by Sara Spock
I just came down from the mountain. The new aged glow of Machu Picchu was fresh on my cheeks and I had a head filled with spirituality, Incas, llamas, fresh flowing streams and brews. My high, it seemed, mimicked the altitude. A mere 8,000 feet above sea level and I was ready to kick off my Birkenstocks, fill my pockets with granola, and live among the ruins, but a bus in Cusco waited for me to return to Lima and some friends were getting married in a few short days. The road called, even though it only sounded like a whisper compared to the shouts of Machu Picchu.
As we approached the terminal, my hopes soared. The bus was modern, shiny, and lacking the normal enclave of chickens strapped to the roof. There were porters, baggage holds, and the driver was wearing a uniform. A uniform! Visions danced through my head of a 10 hour ride with a seat to myself, a place to stretch my almost 6’ frame without dogs in the aisles and massive packs of farm goods conveniently resting on my thighs. This was luxury. As I approached my seat, the requested aisle in the 8th row, I noticed a little old lady in the spot I reserved. So etched and still, I wasn’t sure if she was dozing or dead. I tapped her. Nothing. I nudged. Nada. I used my pack to give her a gentle shove. Zilch. Instead of attempting mouth to mouth, I took the middle seat. At least I had it to myself.
The bus embarked in the evening, traveling through the night and I hoped to arrive in Lima before noon, to catch my next 8 hour bus north. Yes, I travel in style. About an hour into the trip, my seat mate stirred and I sighed with relief that rigor mortis hadn’t set in. I pulled out my journal and tried to make a few hasty notes about Machu Picchu in the waning daylight, but the tiny old bitty took this moment to shift her entire body to the right, draping one arm over my shoulder and the other on my journal. I was frozen and she was, apparently, still sleeping. I tried to gently push her back to her own space with my shoulder. Instead, she managed to wiggle her hand from my shoulder, down the front of my shirt and into my bra. Suddenly, I was being molested by a snoozing Peruvian octogenarian and both my arms were pinned. I looked to my right in a failed attempt to enlist some help, but it was too dark. I used my knee to try to rouse her. I tapped my feet loudly in an attempt to wake the dead. I shifted my shoulders to dislodge her roving hand. Nothing worked. Finally, I dropped my journal and lifted both arms above my head, pushing the pervert back to her own space and sliding myself closer to the window seat while crossing my arms in an attempt to regain some self-respect.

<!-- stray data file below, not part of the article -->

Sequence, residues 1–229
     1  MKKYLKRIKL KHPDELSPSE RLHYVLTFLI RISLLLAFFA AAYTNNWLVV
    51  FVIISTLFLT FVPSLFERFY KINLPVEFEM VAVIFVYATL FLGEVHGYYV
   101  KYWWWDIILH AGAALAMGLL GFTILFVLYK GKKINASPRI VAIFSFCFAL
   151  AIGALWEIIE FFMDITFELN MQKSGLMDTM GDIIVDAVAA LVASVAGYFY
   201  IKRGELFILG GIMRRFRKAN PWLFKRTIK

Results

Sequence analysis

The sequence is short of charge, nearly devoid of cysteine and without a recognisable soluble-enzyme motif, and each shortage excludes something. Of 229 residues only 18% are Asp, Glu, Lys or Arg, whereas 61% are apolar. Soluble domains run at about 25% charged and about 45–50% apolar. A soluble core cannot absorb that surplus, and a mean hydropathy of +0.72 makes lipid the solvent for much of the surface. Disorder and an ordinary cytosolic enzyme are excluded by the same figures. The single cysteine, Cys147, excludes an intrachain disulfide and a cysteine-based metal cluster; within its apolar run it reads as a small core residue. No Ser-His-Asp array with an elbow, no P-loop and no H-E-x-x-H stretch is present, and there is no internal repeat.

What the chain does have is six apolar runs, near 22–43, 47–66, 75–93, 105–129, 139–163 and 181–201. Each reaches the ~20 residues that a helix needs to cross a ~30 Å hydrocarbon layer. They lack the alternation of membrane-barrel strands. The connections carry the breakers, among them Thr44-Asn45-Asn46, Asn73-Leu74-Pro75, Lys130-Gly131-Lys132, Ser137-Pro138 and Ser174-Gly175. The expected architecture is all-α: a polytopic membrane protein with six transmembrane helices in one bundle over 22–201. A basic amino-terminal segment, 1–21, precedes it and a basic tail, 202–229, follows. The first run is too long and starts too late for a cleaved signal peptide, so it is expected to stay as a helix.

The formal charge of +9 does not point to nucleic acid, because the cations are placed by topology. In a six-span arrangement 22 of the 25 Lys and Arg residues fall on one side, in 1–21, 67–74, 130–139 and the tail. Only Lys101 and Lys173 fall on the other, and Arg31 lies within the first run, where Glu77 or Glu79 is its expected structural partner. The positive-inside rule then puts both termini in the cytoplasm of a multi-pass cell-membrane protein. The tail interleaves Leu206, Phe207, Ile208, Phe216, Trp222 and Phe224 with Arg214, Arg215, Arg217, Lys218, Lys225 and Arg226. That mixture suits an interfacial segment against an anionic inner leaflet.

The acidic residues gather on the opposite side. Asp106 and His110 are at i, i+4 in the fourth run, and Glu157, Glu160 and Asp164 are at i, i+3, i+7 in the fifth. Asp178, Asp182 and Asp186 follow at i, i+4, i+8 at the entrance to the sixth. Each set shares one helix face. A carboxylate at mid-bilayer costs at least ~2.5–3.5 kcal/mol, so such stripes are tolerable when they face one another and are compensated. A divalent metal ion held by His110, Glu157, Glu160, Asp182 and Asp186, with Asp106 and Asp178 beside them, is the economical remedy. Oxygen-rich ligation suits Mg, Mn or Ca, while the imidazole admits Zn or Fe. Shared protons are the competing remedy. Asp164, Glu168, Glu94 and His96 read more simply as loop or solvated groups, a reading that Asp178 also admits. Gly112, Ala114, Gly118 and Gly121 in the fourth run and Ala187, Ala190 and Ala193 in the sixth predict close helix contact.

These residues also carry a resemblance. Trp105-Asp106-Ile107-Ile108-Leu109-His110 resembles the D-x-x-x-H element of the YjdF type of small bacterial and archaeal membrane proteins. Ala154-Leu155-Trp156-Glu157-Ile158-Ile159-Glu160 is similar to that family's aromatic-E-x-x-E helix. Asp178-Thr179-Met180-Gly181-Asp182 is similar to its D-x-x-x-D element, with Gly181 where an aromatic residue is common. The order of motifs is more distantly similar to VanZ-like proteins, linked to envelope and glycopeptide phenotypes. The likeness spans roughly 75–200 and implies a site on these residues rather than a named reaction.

Even today, I’m fairly certain a large portion of my dignity is still bouncing around on that bus in the Andes… along with the cash that lady found in my bra.
Sara Spock is a mom, wife, anthropology student, lab assistant, English tutor, and freelance writer. In the moments between being groped on third-world buses and waiting for the birth of her second child, Sara can be found over at The Hero Complex where she tries to save the world, one. blog. post. at. a. time.
Editor's note: Congratulations, Sara and baby Bennet! The cutest little Erma yet!